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  • By Mar-Vic Cagurangan and Johanna Salinas

Modly resigns amid pressure over Roosevelt comments

Thomas Modly Mark Esper Brett Crozier

Acting Navy Secretary Thomas Modly today resigned on the heels of his comments slamming the fired commander of the USS Theodore Roosevelt, who blew the whistle on the fast transmission of Covid-19 among the sailors on the 5,000-crew ship.

Defense Secretary Mark Esper accepted Modly's resignation. “He resigned on his own accord, putting the Navy and the sailors above self so that the USS Theodore Roosevelt, and the Navy as an institution, can move forward. His care for the sailors was genuine,” Esper said in a statement.

As of today, 79 percent of the Roosevelt crew have been tested for Covid-19, with 230 positive cases so far, according to the Navy’s latest update. A total of 2,037 sailors have tested negative and 1,999 sailors have moved ashore. Of those off-loaded from the ship, 1,232 are staying at hotels. “As testing continues, the ship will keep enough sailors on board to sustain essential services and sanitize the ship in port. There have been zero hospitalizations,” the Navy said.

Modly earlier called Capt. Brett Crozier, the former commanding officer of Roosevelt, either "too naïve or too stupid” over his handling of the ship's coronavirus outbreak. Modly last week relieved Crozier of duty, citing breach of the chain of command.

Modly came to Guam on Monday, but his visit was not made public until Adm. John Menoni, commander of the Joint Region Marianas, was asked to confirm the visit during a press conference Tuesday.

Navy spokespersons did not return the Pacific Island Times' email on Monday inquiring about Modly's Guam visit.

“Secretary Modly served the nation for many years, both in and out of uniform. I have the deepest respect for anyone who serves our country, and who places the greater good above all else. Secretary Modly did that today, and I wish him all the best” Esper said.

The defense secretary has appointed current Army Undersecretary Jim McPherson as acting secretary of the Navy. “Jim is a retired Admiral with a distinguished 26 year naval career, serving ashore, afloat, and overseas during his time in uniform,” Esper said.

Meals are delivered to sailors who are quarantined at unidentified hotels in Tumon. Facebook photo

Adm. Michael Gilday, chief of Naval Operations, has launched an investigation into the Roosevelt crisis, Esper said. “Any further action regarding the former commanding officer, Captain Crozier, will wait until that investigation is completed,” the defense chief said.

Crozier, who has since disembarked from the ship, was reported to have tested positive for Covid-19. He received a hero's sendoff from hundreds of sailors hours after he was relieved of duty.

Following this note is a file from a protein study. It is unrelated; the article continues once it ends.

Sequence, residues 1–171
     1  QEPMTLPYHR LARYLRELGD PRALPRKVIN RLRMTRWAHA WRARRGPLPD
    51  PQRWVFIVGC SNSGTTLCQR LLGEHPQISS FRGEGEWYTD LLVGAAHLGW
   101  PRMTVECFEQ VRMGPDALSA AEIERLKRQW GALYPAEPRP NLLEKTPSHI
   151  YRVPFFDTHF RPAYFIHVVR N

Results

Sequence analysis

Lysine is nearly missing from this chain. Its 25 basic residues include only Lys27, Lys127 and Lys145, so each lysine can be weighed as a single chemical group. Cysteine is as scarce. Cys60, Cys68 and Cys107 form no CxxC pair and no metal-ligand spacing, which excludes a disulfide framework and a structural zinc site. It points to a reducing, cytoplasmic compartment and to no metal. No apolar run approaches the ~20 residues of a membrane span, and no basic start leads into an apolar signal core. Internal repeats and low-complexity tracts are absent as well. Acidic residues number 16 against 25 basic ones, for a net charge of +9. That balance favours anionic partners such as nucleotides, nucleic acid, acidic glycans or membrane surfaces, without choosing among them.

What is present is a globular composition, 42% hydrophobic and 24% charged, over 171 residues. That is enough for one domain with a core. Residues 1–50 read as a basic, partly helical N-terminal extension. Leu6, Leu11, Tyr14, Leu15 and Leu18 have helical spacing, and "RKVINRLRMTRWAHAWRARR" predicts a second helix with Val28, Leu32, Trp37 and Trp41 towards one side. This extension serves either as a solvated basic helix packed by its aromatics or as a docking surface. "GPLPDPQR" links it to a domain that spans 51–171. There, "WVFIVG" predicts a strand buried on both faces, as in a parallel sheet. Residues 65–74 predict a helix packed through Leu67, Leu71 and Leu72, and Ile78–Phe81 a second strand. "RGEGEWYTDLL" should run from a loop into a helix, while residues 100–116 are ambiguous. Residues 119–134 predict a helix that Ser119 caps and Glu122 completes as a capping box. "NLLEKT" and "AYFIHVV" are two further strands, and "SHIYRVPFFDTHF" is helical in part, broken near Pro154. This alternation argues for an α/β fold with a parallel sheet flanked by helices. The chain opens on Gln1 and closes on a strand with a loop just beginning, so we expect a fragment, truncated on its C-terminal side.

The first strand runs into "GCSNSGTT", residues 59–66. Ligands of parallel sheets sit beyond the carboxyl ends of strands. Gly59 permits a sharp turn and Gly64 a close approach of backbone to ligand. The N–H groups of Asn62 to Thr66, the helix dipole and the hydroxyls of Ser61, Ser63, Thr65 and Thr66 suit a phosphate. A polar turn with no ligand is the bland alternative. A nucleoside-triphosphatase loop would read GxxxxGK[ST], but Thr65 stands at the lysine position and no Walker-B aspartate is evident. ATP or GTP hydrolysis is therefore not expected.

Esper said in his conversation with McPherson and Gilday, he listed his three priorities as the military confronts the Covid-19 crisis. “First, protect our people, which means putting the health, safety and welfare of the U.S.$. Theodore Roosevelt's crew first; Second, maintain the warfighting readiness of the US military, which means getting the Roosevelt back to sea, and on patrol, as so n as safely possible; and Third, fully supporting the whole of government / whole of nation response to the coronavirus to protect the American people.”

John Menoni

During a video conference on Guam on Tuesday, Menoni said the sailors who have been moved from the ship are currently in controlled location in Naval Base Guam and in Tumon. “This number will continue to grow,” Menoni said.

Menoni said even when sailors received negative Covid-19 tests, the team continues to conduct daily health checks to make sure the sailors as well as the civilian component of the team do contribute to the spread of Covid-19 and to preserve the warfighting readiness of the forces.

“There has been a massive level effort on this island by both military and civilians, government of Guam and local folks, to get ready for and try to help TR sailors as best as we possibly can,” Menoni said.

“I see every day people innovate, people work hard to make sure they break barriers, people make sure they find out where the constraints are in any system that prevent any help getting to the sailors What I’d also like emphasize is we’re on the frontlines and at leading edge about learning how these viruses move through ships. We’re going to take what we learn here from a logistics, from a medical, from a protection standpoint and apply it moving forward.”

“I got to I've a special thanks and shout-out to the hundreds services members and civilians who have been dedicated to this task with TR since March 25.”

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